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Access to housing isn't a reward it's a human right

  • 29 September 2017


The Australian government has recently committed to spending an additional $375.3 million — with funding to be matched by state and territory governments — over three years on improving housing outcomes and reducing the number of people sleeping rough.

On the face of it, increased government spending makes sense. Demand for emergency accommodation is at a historic high due to people on low incomes being unable to afford increasing rent prices, access limited public and community services and secure permanent work. There are 35,000 people waiting for public and community housing in Victoria alone.

Yet history tells us that we won't end homelessness in Australia by building more crisis accommodation, and it's clear we can't rely on the private market to fill the growing housing gap. We've known since 1988 that social housing plays a crucial role in reducing homelessness, alongside government spending on community services like emergency shelters, mental health clinics, and criminal proceedings.

So what's stopping us from investing in social housing and replicating the success we've seen in countries like Finland? The Nordic country is the only EU state not in the midst of a housing crisis and has just 52 shelter beds in the entire country, a reduction from 600 in 2008. Finland's success has been attributed to a major government investment in social housing, which focused on moving people into permanent homes as soon as they became homeless instead of accessing crisis services and entering the system.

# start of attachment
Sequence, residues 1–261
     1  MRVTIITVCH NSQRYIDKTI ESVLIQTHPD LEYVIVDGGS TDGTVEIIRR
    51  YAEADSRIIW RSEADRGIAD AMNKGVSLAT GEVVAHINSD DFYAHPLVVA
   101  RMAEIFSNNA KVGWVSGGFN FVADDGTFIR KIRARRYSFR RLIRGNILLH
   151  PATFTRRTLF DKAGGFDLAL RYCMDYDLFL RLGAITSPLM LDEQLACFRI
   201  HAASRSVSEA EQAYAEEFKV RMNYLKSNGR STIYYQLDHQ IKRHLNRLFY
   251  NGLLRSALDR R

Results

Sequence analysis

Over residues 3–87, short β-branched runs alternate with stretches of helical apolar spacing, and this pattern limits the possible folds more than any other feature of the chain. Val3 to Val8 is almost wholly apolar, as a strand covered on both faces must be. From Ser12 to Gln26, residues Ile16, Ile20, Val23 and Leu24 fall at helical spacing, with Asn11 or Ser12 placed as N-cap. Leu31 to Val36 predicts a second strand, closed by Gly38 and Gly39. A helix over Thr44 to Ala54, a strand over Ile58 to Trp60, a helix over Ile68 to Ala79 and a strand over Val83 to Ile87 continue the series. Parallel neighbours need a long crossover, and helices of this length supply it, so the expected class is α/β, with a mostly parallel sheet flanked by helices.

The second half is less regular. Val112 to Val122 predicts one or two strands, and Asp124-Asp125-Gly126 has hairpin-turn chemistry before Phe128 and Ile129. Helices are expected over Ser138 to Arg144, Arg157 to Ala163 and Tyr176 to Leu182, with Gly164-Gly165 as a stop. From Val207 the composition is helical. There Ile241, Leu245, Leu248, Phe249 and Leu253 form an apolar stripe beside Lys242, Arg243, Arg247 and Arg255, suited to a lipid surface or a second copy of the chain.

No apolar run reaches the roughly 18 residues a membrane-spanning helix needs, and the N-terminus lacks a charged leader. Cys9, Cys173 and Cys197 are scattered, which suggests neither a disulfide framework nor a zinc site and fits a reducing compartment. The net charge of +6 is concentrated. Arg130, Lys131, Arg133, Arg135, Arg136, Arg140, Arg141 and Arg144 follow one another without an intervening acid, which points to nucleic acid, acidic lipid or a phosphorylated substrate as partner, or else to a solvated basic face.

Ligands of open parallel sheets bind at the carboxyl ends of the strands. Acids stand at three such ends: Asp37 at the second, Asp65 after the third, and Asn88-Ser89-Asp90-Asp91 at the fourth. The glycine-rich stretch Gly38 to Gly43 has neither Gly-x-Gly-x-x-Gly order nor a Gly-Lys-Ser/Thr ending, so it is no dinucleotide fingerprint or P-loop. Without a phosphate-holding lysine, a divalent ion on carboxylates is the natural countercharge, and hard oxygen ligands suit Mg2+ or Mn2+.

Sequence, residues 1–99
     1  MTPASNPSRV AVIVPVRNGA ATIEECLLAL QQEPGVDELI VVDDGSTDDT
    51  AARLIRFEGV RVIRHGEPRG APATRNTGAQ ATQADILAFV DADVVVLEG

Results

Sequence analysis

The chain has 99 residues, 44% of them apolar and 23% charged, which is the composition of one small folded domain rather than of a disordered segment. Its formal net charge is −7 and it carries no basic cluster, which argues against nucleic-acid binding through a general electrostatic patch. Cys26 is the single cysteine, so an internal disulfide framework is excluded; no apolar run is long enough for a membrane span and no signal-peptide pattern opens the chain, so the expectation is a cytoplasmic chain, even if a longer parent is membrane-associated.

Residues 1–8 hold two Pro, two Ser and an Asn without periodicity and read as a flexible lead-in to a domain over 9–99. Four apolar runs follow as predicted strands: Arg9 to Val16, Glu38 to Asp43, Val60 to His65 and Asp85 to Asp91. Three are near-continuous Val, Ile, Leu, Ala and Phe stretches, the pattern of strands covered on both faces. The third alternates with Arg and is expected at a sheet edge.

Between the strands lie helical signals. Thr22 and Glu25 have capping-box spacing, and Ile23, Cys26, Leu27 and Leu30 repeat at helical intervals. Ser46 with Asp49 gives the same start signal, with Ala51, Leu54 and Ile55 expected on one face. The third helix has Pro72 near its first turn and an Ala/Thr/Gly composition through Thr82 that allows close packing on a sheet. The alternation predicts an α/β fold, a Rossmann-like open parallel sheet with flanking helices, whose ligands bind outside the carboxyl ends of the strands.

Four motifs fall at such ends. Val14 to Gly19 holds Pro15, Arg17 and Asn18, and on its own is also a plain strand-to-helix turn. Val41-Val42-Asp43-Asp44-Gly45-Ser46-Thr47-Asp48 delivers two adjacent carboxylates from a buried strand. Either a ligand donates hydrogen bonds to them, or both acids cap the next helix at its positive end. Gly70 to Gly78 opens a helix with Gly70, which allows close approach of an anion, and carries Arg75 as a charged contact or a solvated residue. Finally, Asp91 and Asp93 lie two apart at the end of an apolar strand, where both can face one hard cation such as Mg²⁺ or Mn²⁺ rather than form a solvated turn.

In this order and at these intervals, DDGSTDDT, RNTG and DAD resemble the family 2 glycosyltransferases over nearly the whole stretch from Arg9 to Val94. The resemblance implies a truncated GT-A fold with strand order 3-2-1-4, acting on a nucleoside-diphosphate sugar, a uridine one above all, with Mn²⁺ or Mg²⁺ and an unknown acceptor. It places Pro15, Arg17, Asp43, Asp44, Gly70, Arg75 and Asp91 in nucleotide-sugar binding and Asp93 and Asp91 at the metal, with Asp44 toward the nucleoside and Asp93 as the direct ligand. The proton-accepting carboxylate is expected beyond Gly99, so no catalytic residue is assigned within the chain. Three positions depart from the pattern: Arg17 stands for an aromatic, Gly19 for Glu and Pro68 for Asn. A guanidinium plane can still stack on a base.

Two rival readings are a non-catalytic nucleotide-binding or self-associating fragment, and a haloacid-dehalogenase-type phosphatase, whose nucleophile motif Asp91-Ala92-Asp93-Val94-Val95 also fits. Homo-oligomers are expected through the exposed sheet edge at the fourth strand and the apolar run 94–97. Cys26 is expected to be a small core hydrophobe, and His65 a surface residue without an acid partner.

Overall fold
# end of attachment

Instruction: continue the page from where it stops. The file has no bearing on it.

This Housing First approach does not require people experiencing homelessness to address all of their problems including behavioural health problems or to graduate through a series of services before they can access housing. The model assumes people have to be housed in order to get 'well', and that allowing the person experiencing homelessness to have a choice over their home and how they interact with community support services increases the likelihood they will remain in their house and improve their life.

In Australia, like most western countries, there has been a political shift away from the provision of public social housing and the Housing First model. This is because as a society we still see homelessness as an issue of personal pathology or deviance, not as a sign that our housing markets and community services are dysfunctional.

As a result, our approach to homelessness and, therefore, our services, are built around making people 'ready' for housing or helping them to address certain issues in order